What is Stop Loss and how to use it
Stock market trading can be complicated if investor is not alert about the strategies to reduce the losses. The price of the shares may not always go in favorable direction for an investor. The price may either increase or decrease. But an investor can use the stop loss option to avoid loss.
A stop loss order is an order given to brokerage house as a margin for avoiding heavy loss. When the investor wants to buy or sell the shares and the stop loss order is executed it is the right time to make the trade order. The trade order is executed when the price reaches the pre-determined level while trading. This automatic order can be placed by the broker on behalf of the investor.
An example can make it easy to understand the concept. If an investor has bought a share of a company named XYZ Ltd at price of Rs.100 per share and at present the share price is at Rs.200 per share. An investor can decide to hold the share when the price increases and the profits are unrealized. The investor to be on safer side requests the broker to sell the shares if the price reaches Rs.150, as the investor may be able to decide this as a bearable loss. The stop loss is more advantageous for the investor who cannot keep on watching the stock on daily basis this stands a reminder to avoid loss. But when there is a disadvantage in stop loss order, the price may again increase after a while; by selling the share the investor cannot be able to enjoy the profits of the hike in price.
But the disadvantage can be broke by setting a pre-determined which allows the stock price fluctuation to up and down in a trading day. The broker does not charge separately for this order as usual commission is charged. The stop loss order may occur only once and the share is sold. Stop loss secure the investor as insurance.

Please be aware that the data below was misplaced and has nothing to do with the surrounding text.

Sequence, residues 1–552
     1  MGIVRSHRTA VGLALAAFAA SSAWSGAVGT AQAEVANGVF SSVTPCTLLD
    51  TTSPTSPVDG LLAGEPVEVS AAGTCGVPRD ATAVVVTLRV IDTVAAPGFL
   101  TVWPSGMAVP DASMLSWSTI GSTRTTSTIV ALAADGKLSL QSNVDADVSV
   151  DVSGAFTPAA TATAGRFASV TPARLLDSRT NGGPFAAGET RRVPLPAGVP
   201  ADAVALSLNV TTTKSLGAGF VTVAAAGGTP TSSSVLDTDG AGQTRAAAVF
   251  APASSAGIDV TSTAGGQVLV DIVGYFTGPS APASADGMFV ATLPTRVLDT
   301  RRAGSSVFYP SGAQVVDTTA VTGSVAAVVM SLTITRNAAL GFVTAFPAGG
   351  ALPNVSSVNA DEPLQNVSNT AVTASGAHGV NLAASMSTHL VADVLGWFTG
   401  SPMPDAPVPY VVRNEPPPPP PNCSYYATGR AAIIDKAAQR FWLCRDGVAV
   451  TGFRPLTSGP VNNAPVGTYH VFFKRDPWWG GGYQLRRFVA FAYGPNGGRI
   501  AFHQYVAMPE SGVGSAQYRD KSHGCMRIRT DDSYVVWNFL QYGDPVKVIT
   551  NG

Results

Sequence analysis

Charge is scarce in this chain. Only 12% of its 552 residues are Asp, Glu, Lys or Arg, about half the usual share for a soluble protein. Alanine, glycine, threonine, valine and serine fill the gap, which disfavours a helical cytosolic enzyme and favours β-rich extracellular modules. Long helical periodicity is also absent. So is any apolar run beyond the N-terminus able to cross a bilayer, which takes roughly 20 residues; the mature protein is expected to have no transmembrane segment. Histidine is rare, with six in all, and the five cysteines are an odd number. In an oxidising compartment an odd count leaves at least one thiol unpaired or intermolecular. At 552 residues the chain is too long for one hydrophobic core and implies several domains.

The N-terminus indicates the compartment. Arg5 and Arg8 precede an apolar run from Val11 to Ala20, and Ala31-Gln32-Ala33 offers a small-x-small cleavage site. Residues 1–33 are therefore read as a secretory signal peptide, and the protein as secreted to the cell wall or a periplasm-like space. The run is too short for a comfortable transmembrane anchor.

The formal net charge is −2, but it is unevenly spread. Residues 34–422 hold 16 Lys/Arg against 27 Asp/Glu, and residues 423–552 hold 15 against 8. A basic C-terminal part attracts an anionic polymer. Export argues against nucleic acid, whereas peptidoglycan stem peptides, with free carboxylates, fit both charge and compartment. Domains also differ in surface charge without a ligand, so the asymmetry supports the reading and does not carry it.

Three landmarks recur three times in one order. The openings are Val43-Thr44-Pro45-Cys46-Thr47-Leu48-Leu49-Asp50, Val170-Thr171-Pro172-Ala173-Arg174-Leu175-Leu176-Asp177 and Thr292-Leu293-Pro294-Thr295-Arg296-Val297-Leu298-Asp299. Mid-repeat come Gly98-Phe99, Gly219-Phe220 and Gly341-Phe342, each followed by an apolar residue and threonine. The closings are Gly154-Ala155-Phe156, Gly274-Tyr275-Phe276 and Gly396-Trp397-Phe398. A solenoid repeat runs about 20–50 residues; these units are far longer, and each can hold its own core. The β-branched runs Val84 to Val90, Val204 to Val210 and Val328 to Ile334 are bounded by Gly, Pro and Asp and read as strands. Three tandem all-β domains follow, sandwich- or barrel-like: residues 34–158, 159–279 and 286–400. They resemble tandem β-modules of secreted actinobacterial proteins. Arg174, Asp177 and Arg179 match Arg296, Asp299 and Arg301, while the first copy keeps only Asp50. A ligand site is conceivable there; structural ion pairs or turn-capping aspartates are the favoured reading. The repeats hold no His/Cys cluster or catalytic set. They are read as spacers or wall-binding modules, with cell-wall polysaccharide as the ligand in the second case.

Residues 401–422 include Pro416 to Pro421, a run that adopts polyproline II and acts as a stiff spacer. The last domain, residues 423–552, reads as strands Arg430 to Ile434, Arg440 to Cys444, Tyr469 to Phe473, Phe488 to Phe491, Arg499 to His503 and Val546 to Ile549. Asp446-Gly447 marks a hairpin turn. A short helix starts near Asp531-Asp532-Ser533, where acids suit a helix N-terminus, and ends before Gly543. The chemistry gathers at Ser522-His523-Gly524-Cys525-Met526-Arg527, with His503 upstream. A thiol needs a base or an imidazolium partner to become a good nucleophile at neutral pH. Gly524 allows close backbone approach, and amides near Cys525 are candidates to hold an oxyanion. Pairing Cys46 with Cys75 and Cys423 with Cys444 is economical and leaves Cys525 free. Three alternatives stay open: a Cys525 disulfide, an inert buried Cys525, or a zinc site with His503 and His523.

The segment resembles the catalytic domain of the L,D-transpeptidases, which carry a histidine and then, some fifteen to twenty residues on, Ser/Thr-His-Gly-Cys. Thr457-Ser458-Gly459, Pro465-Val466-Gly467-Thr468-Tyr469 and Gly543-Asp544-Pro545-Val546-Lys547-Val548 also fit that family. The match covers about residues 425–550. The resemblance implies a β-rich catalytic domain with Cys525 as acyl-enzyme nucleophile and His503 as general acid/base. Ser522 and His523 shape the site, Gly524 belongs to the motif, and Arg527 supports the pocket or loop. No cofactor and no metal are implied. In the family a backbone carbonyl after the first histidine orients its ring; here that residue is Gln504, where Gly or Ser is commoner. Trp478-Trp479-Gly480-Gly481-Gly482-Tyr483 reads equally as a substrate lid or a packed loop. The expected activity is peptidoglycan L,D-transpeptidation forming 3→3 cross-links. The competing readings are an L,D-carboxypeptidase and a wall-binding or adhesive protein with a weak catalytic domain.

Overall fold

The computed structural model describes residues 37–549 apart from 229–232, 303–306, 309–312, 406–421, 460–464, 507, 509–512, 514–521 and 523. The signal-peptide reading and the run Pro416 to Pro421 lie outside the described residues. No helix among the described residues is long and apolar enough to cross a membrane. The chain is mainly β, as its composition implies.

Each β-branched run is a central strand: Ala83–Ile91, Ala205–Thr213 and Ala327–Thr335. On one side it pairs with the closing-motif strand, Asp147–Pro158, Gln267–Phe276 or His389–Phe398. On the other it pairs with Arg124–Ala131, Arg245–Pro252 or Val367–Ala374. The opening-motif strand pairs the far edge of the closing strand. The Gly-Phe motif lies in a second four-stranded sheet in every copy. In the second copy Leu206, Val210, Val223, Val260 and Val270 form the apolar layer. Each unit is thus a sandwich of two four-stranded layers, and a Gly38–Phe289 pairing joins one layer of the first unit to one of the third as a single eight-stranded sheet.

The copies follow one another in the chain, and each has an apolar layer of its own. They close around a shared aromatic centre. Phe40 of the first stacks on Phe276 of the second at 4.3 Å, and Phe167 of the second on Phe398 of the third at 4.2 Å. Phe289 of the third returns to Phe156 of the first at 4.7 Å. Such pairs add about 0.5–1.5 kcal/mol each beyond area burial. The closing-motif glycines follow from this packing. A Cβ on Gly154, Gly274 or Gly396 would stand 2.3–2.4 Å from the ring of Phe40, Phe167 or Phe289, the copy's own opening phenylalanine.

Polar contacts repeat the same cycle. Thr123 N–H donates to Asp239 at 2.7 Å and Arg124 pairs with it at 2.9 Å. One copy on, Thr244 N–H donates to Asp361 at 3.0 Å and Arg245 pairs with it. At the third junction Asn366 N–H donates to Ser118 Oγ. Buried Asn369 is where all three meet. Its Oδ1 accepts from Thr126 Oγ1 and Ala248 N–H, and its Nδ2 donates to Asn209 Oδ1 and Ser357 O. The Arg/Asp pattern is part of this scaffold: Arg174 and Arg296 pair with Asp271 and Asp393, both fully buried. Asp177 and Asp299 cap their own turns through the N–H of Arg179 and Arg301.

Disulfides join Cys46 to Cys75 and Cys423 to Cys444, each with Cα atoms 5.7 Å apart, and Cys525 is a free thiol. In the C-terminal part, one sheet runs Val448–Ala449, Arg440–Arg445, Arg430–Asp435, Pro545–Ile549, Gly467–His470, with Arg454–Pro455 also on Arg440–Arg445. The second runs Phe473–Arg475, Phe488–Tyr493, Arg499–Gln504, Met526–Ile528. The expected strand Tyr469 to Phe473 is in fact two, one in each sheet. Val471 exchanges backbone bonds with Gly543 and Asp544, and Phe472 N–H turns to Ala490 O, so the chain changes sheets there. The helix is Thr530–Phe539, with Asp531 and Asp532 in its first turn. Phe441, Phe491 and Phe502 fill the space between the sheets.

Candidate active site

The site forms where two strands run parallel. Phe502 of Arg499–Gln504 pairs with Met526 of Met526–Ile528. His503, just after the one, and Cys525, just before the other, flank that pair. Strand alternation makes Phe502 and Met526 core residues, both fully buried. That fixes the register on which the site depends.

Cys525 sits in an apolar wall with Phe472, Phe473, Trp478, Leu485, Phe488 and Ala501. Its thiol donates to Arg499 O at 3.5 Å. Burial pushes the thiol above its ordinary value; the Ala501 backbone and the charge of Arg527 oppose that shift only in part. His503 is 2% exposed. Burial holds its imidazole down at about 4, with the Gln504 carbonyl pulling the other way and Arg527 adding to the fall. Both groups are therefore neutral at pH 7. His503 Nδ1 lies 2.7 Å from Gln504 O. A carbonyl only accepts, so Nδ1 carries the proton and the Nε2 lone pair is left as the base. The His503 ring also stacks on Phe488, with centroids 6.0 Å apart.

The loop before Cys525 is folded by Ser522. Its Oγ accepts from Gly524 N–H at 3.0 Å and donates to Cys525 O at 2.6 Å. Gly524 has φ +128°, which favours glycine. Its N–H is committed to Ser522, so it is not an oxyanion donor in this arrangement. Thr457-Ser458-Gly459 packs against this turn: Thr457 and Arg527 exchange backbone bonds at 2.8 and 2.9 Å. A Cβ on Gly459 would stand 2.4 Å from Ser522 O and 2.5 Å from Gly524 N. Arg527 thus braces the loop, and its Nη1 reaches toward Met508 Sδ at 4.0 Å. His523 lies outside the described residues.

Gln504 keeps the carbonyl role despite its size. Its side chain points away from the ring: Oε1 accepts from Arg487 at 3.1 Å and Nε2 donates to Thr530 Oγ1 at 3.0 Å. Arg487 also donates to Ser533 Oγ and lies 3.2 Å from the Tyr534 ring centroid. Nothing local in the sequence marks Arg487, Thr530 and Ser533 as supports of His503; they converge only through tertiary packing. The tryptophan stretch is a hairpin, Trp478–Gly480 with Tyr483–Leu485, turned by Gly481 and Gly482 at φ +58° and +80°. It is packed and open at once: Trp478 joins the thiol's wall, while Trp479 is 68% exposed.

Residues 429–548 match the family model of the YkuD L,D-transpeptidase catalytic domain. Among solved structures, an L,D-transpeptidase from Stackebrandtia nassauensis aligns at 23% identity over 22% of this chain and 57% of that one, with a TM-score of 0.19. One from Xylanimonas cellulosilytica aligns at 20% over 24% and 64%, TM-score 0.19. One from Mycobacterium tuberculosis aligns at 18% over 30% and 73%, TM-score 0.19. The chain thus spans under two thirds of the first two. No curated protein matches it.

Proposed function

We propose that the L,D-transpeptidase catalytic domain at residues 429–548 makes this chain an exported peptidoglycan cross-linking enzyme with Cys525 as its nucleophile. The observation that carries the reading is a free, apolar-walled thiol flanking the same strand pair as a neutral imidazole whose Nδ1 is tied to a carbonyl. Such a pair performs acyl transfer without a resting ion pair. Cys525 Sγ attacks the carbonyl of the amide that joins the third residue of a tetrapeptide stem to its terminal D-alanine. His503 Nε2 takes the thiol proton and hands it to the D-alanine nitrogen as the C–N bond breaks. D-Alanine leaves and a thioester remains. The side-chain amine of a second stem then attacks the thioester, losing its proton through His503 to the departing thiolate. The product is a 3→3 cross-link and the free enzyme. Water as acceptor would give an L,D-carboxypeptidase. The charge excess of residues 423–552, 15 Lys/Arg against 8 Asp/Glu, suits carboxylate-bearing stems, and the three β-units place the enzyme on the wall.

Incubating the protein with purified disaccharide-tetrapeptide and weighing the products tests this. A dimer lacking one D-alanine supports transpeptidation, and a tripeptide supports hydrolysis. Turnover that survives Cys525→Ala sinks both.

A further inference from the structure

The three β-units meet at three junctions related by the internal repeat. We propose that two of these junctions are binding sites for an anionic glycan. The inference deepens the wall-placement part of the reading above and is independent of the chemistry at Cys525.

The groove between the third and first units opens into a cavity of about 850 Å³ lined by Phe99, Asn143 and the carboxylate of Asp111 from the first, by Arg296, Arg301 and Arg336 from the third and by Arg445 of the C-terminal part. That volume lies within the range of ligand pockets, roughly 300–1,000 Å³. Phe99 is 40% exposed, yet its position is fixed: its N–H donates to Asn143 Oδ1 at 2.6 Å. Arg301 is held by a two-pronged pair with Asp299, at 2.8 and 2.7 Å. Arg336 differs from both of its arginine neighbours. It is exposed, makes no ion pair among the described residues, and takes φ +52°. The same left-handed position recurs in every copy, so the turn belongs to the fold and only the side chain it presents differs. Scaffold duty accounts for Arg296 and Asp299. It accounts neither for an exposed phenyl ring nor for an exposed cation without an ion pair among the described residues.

When to use the Stop loss order?
The Stop Loss order is a big way for a trader to manage his intraday exposure in the market. Lets us say that a trader wants to buy XYZ Company at Rs.200 because he expects the price to rise to Rs.220 in a short time. But he does not want to take an unnecessary risk and hence he wants to exit the trade (sell his shares) in XYZ company if the price drops below Rs195.
For example: He first buy 100 shares at prices Rs.200, Then to protect himself against an unexpected movement and limit his losses he would place in a stop loss sell order for 200 shares of XYZ company. with a trigger price of Rs 195. He would choose to sell with a limit price of his choice (or) at market price.
So if the shares of XYZ drop to trade at Rs.195 his order is immediately triggered and pushed into the queue for execution.
This system finds similar application in the case of short positions.
How to use Disclosed Quantity:
The system provides a facility for entering orders with quantity trade conditions.
Disclosed Quantity order allows the member to disclose only a part of the order quantity to the market display. Disclosed Quantity must not be less that 10% of the Order Quantity and at the same time should not be greater than (or) equal to the Order Quantity.